My favorite review of Dylan’s new album is by Josh Hurst who concludes:
The level of consistency in this set is remarkable, belying its label as a “bootleg.” In fact, for all intents and purposes, Disc 1 feels like a new Dylan album– and a masterpiece, at that. It’s a dark marvel of an album, his boldest and most intimately rewarding dip into the blues yet, a defining statement of tortured humanity and hopeful spirituality. And if that disc amazes with its unity and cohesion, the second one is significantly more scattershot, but appealingly so– its ramschackle quality gives way to left-field surprises like a bluegrass duet with Ralph Stanley, the eerie carnival churn of “Can’t Escape You,” two old blues covers. But it all pulls itself back together in the end for the set’s epic coda, a harrowing Civil War ballad from the Gods and Generals soundtrack called “‘Cross the Green Mountain.” It is, simply put, as moving and as utterly amazing as any song Dylan has ever recorded, and it synthesizes all the themes of his past two decades– love and theft, mortality, the end of the world, the hope of the highlands– into one seamless, lyrical saga.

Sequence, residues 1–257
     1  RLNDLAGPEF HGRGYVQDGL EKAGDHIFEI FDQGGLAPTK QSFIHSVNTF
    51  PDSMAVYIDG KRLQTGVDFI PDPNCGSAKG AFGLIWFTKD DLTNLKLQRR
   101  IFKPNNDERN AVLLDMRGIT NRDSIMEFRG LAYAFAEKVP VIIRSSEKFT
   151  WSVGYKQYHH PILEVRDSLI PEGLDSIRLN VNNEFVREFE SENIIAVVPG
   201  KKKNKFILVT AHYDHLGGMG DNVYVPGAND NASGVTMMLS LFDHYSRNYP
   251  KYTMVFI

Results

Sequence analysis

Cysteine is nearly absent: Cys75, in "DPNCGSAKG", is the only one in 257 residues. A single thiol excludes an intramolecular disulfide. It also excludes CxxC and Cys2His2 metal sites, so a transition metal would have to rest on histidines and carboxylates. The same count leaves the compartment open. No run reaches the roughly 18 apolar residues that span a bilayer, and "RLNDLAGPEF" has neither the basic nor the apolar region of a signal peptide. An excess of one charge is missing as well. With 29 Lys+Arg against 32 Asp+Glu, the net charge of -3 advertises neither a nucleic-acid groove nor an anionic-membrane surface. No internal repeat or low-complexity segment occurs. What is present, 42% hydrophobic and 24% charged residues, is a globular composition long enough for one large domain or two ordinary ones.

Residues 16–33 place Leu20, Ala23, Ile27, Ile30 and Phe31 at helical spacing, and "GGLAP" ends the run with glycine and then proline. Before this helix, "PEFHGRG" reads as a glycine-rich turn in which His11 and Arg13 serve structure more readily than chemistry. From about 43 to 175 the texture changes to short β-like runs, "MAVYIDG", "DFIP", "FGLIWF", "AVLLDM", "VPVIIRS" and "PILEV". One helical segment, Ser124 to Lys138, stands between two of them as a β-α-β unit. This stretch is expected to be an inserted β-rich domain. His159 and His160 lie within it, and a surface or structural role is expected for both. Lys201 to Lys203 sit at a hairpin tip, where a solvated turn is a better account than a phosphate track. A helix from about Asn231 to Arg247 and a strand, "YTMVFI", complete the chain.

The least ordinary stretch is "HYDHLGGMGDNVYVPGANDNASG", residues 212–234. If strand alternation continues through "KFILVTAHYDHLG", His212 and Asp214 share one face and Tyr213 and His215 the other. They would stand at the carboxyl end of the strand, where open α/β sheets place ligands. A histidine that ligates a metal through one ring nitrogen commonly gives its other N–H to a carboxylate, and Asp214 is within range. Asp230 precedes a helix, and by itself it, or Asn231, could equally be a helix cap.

But of course, you could say that about the whole collection. It’s been noted that, over the past few years, Dylan’s media saturation is at an all-time high, but that the more he reveals about his life, the more cryptic and mysterious he seems to be. The new album doesn’t provide any insights into Dylan the Man, but it does prove that he’s been concerned with the same things all along, that he’s reached a new creative peak in the past few years, and that his theft from American music past only confirms that he’s as essential and important to the music of this land as anyone, ever. Yes, it’s an awful lot to take in all at once, and when you finally do, you won’t have many options other than to simply get down and weep. This is Dylan at his finest, Dylan at his most daring and his most profound. We’re lucky to have him, inscrutable and enigmatic though he may be, and as this music testifies, his is a vision that has room for all of us, carrying with it the ghosts of where we’ve been and shining a light ahead to where we’re going. These aren’t really bootlegs, and they’re certainly not leftovers; what they are is nothing less than necessary.